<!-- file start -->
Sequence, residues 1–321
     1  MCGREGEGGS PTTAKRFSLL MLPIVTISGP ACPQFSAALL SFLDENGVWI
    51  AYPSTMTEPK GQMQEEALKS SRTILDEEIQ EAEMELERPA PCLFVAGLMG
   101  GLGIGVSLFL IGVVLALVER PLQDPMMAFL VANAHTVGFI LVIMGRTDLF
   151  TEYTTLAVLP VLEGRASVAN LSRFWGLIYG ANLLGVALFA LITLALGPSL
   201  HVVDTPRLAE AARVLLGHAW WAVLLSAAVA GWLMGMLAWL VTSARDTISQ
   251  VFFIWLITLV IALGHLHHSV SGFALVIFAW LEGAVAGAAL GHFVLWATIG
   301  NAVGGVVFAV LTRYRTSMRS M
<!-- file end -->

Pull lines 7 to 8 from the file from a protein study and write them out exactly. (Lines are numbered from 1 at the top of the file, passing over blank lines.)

   251  VFFIWLITLV IALGHLHHSV SGFALVIFAW LEGAVAGAAL GHFVLWATIG
   301  NAVGGVVFAV LTRYRTSMRS M